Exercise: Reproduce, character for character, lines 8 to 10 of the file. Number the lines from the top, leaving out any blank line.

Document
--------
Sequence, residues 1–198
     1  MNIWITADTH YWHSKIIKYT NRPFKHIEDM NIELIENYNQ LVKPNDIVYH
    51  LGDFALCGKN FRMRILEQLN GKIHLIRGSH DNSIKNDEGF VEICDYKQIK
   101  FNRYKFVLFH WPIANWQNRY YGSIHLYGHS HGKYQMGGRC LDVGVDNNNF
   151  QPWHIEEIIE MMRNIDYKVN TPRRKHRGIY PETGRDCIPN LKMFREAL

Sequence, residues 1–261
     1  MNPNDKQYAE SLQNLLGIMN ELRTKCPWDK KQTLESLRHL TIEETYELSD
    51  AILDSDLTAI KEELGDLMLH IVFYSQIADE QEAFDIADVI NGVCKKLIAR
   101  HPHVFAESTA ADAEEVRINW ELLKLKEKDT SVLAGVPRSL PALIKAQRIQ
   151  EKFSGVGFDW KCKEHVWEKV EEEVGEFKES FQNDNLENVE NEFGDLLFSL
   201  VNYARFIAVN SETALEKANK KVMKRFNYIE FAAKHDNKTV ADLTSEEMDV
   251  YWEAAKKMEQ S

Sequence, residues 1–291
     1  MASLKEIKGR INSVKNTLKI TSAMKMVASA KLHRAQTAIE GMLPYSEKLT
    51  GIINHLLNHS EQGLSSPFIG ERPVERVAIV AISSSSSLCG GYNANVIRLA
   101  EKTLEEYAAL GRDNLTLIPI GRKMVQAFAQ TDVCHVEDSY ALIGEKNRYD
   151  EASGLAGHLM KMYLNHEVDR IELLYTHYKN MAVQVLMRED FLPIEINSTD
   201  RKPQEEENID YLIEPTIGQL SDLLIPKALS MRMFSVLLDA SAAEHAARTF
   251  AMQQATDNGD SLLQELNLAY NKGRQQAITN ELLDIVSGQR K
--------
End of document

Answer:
    51  AILDSDLTAI KEELGDLMLH IVFYSQIADE QEAFDIADVI NGVCKKLIAR
   101  HPHVFAESTA ADAEEVRINW ELLKLKEKDT SVLAGVPRSL PALIKAQRIQ
   151  EKFSGVGFDW KCKEHVWEKV EEEVGEFKES FQNDNLENVE NEFGDLLFSL